Place: Fields Institute (Room 210)
Date: May 27th, 2016 (13:30-15:00)
Speaker: Fulgencio Lopez
Title: Banach spaces from Construction Schemes
Abstract: In 2011 J. Lopez-Abad and S. Todorcevic used forcing to construct a
Banach space with an $\varepsilon$-biorthogonal system that didn’t have $\delta$-biorthogonal systems for every $1\leq\delta<\varepsilon$. We show that there is a Banach space with the same property provided there is a capturing Construction Scheme.
Set theory workshop
The workshop will be held at the University of Illinois at Chicago on October 20-23. Topic will cover forcing, large cardinals, applications of set theory. We will have three tutorials from leading experts and several talks by younger researchers.
The invited speakers are:
Travel support is available. Requests for such should be directed to Dima Sinapova at email@example.com. Such requests will be handled on a case-by-case basis within the limits of the budget. Graduate students, young researchers, female mathematicians and members of underrepresented groups are particularly encouraged to apply.
Tuesday, May 31, 2016, 17:15
Wrocław University of Technology, 215 D-1
Speaker: Wiesław Kubiś (Czech Academy of Sciences, KSW University)
Title: Abstract Banach-Mazur game
We will discuss an infinite game in which two players alternately choose some objects (structures) from a given class. The only rule is that at each move the structure chosen by the player should extend the one chosen in the previous move by the opponent. One of the players wins if the limit of the chain of structures resulting from the play is isomorphic to some concrete (fixed in advance) object. We will show some basic results and relevant examples concerning the existence of winning strategies.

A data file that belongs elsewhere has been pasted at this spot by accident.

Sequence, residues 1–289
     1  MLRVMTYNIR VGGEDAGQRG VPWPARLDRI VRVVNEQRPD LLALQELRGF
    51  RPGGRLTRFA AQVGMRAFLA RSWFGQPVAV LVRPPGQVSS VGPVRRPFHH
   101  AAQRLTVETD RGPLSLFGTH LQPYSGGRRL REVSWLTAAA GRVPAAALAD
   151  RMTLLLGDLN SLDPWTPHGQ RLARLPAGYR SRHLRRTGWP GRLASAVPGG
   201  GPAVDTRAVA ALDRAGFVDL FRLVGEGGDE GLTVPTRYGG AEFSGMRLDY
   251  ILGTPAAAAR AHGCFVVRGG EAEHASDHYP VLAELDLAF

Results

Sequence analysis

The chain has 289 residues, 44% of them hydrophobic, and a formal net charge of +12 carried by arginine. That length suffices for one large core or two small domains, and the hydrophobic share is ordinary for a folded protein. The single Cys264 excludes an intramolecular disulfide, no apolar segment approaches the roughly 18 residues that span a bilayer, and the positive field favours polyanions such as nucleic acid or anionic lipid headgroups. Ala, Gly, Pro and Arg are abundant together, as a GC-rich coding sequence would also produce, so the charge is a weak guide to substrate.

BGU Seminar in Logic, Set Theory and Topology.
Time: Tuesday, May 24th, 12:30-13:45.
Place: Seminar room -101, Math building 58.
Title: Custom-made Souslin trees
We propose a parameterized proxy principle from which $\kappa$-Souslin trees with various additional features can be constructed, regardless of the identity of $\kappa$. We then introduce the *microscopic approach*, which is a simple method for deriving trees from instances of the proxy principle. As a demonstration, we give a construction of a coherent $\kappa$-Souslin tree that applies also for $\kappa$ inaccessible.
Place: Fields Institute (Room 210)
Date: May 20, 2016 (13:30-15:00)
Speaker: Asger Tornquist
Title: An invariant set-theoretic approach to Mathias’ theorem
Abstract: Mathias proved in 1969 that there are no infinite analytic
maximal almost disjoint families of subsets of $\omega$. His proof is